Malaysia is drafting the agreement “to safeguard both nations from any legal pitfalls that may surface during that (recovery) phase,” the New Straits Times reported.

The government hopes the deal can be finalised soon and endorsed in a Cabinet meeting next week. Canberra is studying the memorandum of understanding, it said.

“The MoU spells out exactly who does what and the areas of responsibility,” civil aviation chief Azharuddin Abdul Rahman was quoted as saying.

Azharuddin added that Malaysia would lead most of the investigation, with Australia and others helping. Details of the MoU will not be made public, the report said.

Azharuddin and other officials could not immediately be reached by AFP.

The Malaysia Airlines flight carrying 239 people inexplicably veered off course en route from Kuala Lumpur to Beijing on March 8 and is believed to have crashed in the southern Indian Ocean far off western Australia.

But a massive international search has failed to turn up any wreckage so far.

 

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Published on Feb 23, 2014

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VOA News

UN Orders Syria Humanitarian Aid Access

The United Nations Security Council votes on resolution on humanitarian aid for Syria at U.N. headquarters in New York, Feb. 22, 2014.

The United Nations Security Council votes on resolution on humanitarian aid for Syria at U.N. headquarters in New York, Feb. 22, 2014.

The U.N. Security Council has unanimously adopted a resolution on Syria’s humanitarian crisis, demanding that both sides in the conflict provide immediate access to deliver essential aid to millions of people in desperate need.

The 15-member council united on Syria for the first time Saturday. Russia and China — which have shielded Syria’s government throughout the country’s three-year-long civil war — voted in favor of the resolution.

Saturday’s vote does not threaten sanctions. Russia insisted that this reference be dropped from the original Western- and Arab-backed text. But it does express the council’s intent to take “further steps” in the case of non-compliance.

The resolution demands immediate cross-border aid access and condemns rights abuses by the Syrian government and armed opposition groups.

It also insists that all parties immediately cease all attacks against civilians and stop the indiscriminate use of weapons in populated areas — including shelling and aerial bombardment, such as the use of barrel bombs.

U.N. Secretary-General Ban Ki-moon told the council immediately after the vote that the resolution should not have been necessary, because “humanitarian assistance is not something to be negotiated; it is something to be allowed by virtue of international law.”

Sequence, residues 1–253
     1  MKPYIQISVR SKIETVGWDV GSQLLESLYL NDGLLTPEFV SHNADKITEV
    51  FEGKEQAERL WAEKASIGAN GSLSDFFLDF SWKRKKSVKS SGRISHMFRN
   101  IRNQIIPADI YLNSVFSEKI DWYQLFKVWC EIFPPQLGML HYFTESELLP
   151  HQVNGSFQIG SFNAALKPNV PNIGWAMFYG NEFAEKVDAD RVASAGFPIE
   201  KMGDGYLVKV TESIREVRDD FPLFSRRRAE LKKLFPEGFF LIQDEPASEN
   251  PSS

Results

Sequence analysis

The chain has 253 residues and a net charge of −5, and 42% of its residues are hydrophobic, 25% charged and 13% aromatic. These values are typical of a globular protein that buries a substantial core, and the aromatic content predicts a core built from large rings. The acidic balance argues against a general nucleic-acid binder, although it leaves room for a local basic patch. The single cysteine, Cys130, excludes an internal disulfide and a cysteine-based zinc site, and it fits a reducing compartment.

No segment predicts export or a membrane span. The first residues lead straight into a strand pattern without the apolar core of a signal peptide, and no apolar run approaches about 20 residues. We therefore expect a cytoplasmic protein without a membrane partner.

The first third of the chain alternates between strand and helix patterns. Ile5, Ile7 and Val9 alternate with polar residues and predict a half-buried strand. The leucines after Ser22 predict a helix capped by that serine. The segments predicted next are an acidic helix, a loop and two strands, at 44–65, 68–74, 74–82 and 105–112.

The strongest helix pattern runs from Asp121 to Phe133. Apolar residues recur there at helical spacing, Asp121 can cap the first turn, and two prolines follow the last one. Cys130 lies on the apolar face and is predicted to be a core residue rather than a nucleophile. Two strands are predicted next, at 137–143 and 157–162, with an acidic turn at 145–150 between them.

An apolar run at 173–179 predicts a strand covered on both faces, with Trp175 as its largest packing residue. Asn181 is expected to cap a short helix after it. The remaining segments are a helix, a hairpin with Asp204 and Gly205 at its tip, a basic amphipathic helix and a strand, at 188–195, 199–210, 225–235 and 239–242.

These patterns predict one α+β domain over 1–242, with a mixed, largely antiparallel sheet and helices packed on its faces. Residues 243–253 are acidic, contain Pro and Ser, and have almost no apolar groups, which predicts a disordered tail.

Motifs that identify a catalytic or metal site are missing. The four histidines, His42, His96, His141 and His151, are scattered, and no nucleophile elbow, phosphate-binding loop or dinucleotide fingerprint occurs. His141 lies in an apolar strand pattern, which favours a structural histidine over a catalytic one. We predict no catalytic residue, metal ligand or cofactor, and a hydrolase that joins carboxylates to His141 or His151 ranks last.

The U.N. chief said it is “profoundly shocking … that both sides are besieging civilians as a tactic of war.”

U.S. Secretary of State John Kerry said the newly adopted resolution could be “a “hinge-point in the tortured three years” of the crisis. He called it “a resolution of concrete steps to answer the worst humanitarian crisis in the world today.”

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reuters

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Watch Video Here  :

UN humanitarian chief demands Syria aid access by reuters
UN humanitarian chief Valerie Amos calls for unlimited aid access to Syria’s worst hit areas.

Speaking at a news conference in Ankara, Amos said she had spoken to Syrian government representatives but they’d asked for more time.

SOUNDBITE) (English) U.N. HUMANITARIAN CHIEF, VALERIE AMOS, SAYING:

“However,the government have agreed to a limited assessment exercise to be conducted by U.N. agencies and the Syrian authorities, which would give us some information about what is happening in the country.”

Meanwhile, amateur videos from Syria posted on to a social media website – which Reuters cannot independently verify – purportedly reveal fresh fighting amid reports that 31 people were killed.

This burning car is reportedly in the Asheera neighbourhood of Homs while this amateur Homs footage shows smoke billowing from buildings amid sounds of heavy gunfire.

This footage, apparently from Damascus, purports to show a group of protesters chanting anti-regime slogans outside the captal’s Russian embassy.

The resumption of the heavy shelling follows a few days of relative calm during which Amos visited Homs and said part of the city had been completely destroyed.

UN and Arab League evnoy Kofi Annan is due to arrive in Damascus on Saturday to try to calm the year-old conflict.

Sunita Rappai, Reuters